Articles Tagged with Supreme Court

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Supreme Court Domestic Violence

Arizona Domestic Violence Laws, Penalties, Criminal Defense

The Lautenberg Amendment in Title 18 U.S. Code § 922(g)(9) prohibits shipment, transport, ownership and use of guns or ammunition by individuals who were convicted of a misdemeanor domestic violence offense or are under a protection order (commonly referred to as a restraining order) for domestic violence. The amendment was enacted in 1996 and has been the subject of numerous court challenges.

On June 27, 2016, the United States Supreme Court further clarified that even convictions for reckless domestic assault can be construed as domestic violence offenses that prohibit firearm possession. The 6-2 decision resolved lingering questions about the nature of misdemeanor domestic violence convictions than can lead to loss of firearm rights.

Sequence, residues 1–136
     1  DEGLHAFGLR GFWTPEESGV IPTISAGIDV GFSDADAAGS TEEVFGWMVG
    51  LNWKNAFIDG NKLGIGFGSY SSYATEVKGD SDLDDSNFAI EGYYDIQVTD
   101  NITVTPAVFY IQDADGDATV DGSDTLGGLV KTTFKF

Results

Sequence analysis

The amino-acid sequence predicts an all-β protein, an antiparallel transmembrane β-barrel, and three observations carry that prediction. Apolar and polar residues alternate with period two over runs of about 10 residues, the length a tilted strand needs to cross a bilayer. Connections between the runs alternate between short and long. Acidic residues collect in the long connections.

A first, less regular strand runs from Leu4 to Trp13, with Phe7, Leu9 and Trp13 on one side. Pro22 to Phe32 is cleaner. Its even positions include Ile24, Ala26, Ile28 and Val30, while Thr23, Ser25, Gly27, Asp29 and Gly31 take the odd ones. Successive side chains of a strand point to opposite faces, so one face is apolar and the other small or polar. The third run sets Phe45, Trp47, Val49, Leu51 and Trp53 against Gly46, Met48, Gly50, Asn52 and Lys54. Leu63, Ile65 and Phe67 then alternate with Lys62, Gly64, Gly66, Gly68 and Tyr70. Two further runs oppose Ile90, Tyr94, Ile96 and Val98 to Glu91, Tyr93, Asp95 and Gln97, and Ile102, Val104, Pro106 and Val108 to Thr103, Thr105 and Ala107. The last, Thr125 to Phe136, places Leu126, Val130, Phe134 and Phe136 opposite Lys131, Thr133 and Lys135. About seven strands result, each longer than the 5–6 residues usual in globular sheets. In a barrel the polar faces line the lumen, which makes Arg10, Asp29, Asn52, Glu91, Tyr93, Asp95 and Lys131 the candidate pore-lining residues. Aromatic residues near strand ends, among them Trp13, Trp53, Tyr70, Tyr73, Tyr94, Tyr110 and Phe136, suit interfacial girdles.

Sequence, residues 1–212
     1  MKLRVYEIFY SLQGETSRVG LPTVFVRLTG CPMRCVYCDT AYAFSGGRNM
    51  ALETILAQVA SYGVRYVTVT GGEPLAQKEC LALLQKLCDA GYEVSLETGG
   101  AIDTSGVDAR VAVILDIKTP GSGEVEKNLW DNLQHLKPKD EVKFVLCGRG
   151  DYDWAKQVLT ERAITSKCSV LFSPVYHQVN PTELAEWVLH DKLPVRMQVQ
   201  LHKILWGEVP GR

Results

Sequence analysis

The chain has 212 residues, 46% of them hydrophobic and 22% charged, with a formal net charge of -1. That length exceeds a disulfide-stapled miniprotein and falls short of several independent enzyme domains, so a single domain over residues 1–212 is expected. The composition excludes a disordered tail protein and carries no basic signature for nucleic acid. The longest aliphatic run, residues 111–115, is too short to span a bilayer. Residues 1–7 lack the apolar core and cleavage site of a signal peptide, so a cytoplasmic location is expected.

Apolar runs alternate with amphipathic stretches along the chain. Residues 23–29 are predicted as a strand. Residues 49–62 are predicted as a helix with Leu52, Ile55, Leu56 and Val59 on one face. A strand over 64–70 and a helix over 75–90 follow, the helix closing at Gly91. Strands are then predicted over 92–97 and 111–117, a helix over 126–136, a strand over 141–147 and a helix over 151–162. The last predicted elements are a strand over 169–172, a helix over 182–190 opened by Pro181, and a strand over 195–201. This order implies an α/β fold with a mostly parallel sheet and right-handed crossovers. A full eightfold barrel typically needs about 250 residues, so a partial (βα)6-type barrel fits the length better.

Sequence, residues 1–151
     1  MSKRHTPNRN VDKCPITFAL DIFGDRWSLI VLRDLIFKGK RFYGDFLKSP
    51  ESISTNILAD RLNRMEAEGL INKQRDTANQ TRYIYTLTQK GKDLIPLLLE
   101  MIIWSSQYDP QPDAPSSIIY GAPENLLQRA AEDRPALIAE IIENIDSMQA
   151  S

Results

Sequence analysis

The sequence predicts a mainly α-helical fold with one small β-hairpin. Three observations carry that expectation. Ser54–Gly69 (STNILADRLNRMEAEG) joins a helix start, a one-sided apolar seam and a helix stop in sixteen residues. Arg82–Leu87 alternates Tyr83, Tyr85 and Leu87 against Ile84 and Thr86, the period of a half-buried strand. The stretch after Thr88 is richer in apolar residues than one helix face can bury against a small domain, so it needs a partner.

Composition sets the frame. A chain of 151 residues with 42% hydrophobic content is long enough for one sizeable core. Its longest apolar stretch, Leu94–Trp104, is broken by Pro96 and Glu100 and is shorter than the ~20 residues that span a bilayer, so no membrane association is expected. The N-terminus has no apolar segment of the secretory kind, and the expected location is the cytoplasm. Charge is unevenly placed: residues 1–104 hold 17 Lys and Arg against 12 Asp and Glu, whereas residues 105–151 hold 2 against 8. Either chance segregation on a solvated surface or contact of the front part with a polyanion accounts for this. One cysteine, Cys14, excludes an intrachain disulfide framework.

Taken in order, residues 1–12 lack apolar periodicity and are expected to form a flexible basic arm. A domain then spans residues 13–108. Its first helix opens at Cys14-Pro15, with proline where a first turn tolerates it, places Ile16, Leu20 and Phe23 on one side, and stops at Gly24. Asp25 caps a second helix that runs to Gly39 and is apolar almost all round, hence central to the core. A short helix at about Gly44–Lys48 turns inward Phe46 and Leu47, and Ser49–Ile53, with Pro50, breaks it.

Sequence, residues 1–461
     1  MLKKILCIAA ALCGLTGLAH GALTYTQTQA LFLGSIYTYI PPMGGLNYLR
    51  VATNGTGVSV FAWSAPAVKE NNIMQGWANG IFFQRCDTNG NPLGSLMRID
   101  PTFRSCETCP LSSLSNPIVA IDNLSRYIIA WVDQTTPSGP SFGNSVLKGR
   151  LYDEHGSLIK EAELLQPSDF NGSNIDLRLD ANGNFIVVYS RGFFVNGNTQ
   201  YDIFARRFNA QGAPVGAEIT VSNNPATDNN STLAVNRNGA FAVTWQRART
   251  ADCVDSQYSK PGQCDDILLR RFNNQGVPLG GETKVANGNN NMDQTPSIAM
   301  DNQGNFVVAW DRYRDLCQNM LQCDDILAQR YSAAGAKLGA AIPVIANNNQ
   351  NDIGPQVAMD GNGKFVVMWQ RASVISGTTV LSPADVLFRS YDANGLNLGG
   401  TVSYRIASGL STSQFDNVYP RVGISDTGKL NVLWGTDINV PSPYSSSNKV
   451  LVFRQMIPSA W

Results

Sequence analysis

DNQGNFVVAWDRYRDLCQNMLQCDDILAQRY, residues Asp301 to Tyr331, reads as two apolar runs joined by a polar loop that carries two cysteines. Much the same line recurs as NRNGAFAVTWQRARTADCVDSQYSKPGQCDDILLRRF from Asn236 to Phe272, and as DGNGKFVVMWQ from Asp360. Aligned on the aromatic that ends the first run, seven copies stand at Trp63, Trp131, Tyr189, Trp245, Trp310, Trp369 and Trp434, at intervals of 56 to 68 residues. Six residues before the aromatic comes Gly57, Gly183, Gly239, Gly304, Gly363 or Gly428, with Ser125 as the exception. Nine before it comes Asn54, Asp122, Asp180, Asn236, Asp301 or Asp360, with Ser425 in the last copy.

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“State of Arizona v. Hon. Jane A. Butler and Tyler B” Decision: The Impact of the AZ Supreme Court’s Ruling on Arizona Drivers.

In an unprecedented ruling, the Arizona Supreme Court rejected the Prosecution’s holding that all motorists who drive in Arizona, give their absolute voluntary consent to DUI breath or chemical testing, solely due to the existence of the “Implied Consent” traffic law A.R.S. 28-1321; and that the voluntary consent by a juvenile is not absolute.

This case involved a 16-year-old student who was accused of driving to school under the influence of Marijuana. The student was detained when after school security reported a strong odor of Marijuana in the vehicle, and drug paraphernalia in plain view inside the vehicle. The Court records revealed that the student agreed to have A DUI blood test, only after being handcuffed by police, informed of the existence of the Implied Consent Law, and then instructed that he was required to submit to the DUI chemical test.